Vasquez: "On motion of petitioner, it appearing that the respondent's Memorandum-
circular No. 18 dated April 10, 1964 had already been set aside by the Office of the
President of the Philippines, let a writ of preliminary injunction issue to enjoin the
respondent from enforcing and implementing said memorandum circular until further
orders from this Court, upon the filing of the petitioner of a bond and its approval by the
Court in the sum of P5,000.00 to answer for damages that the respoindent may sustain
by reason of the issuance of said writ." 4

Clearly, the lower court decision is buttressed by the law and the applicable authorities.

1. It was pointed out in the petition of the then Mayor Villegas in the lower court that the
memorandum on which then respondent Commissioner would base his refusal to not
the appointments of the 91 women as street sweepers in the City goverment of Manila
was his Memorandum Circular No. 18 dated April 10, 1964. It was then stated that it
had been set aside and declared without force and effect by the Office of the President
under a fiftth indorsement to respondent on September 14, 1965. 5 All that respondent
could allege in the answer was that there was still a pending motion for reconsideration.
Why such a contention could not be taken seriously was made clear in the applealed
decision in this wise: " It is of no moment that the respondent, in a 6th Indorsement
dated November 7, 1966, had requested the Office of the President to reconsider the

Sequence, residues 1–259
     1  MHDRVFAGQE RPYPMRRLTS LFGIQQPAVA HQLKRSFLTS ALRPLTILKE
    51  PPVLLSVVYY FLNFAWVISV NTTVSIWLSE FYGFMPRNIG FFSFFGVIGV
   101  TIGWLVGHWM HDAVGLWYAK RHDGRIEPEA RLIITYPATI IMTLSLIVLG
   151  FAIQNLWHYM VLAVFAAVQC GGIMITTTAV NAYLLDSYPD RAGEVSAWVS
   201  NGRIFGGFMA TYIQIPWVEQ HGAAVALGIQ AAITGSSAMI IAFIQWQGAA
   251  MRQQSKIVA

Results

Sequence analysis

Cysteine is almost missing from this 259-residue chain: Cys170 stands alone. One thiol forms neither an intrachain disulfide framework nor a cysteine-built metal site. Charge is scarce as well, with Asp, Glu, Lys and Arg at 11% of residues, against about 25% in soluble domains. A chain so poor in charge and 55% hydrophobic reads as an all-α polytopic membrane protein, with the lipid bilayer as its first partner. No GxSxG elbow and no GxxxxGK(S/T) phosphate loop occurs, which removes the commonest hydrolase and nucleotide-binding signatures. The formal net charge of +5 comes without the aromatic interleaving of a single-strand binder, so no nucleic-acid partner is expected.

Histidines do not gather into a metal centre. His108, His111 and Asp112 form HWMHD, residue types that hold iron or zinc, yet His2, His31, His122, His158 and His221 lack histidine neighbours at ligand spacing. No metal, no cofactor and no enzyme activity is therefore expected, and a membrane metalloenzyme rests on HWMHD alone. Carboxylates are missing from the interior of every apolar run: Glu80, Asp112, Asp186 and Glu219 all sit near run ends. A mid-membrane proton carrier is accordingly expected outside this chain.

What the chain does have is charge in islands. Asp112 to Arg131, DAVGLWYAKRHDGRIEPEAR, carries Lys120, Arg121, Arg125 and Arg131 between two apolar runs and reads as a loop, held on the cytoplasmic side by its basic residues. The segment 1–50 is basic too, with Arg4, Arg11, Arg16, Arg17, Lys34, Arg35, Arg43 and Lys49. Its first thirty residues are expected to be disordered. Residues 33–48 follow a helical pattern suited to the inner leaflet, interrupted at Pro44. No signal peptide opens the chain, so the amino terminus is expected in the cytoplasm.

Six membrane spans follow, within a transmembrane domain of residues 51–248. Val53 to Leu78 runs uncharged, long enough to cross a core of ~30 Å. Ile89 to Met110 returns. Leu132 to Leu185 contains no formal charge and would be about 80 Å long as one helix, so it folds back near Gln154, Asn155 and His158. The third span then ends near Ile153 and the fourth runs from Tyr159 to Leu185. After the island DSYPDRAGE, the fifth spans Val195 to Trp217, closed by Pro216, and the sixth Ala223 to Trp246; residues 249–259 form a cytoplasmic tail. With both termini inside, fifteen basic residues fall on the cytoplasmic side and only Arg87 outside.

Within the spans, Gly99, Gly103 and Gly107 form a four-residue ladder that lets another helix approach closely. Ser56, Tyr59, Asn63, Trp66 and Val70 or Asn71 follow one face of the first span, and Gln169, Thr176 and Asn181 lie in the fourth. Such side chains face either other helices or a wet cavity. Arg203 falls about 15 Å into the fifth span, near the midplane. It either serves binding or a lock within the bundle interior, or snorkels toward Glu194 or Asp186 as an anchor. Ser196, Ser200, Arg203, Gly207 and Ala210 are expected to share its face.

ruling declaring Memorandum Circular No.18, series of 1964, as of no force and effect.
Aside frim the fact the attempt to secure as reconsideration of the said ruling was done
more than one year after the promulgation of the same, it is significant to note that the
respondent sought the reconsideration only after the ruling of this case on October 28,
1966. In any event, as the situation stands, the memorandum circular in question may
not be enforced until and unles the Office of the President shall reconsider its
disapproval of the same." 6

2. The situation thus presented is one akin to that found in another case between the
dsame parties, likewise entitled Villegas v. Subido. 7 There as well as here, reliance of
then respondent Commissioner was not on any law or rule but simply on his own
concept of what policy to pursue, in this instance in accordance with his own personal
predilection. Here he appeared to be unalterably convinced that to allow women
laborers to work outside their offices as street sweepers would run counter to Filipino
tratition. The sincerity of his conviction is conceded, but that does not suffice. Apublic
official must be able to pint to a particular provision of law or rule justifying the exercise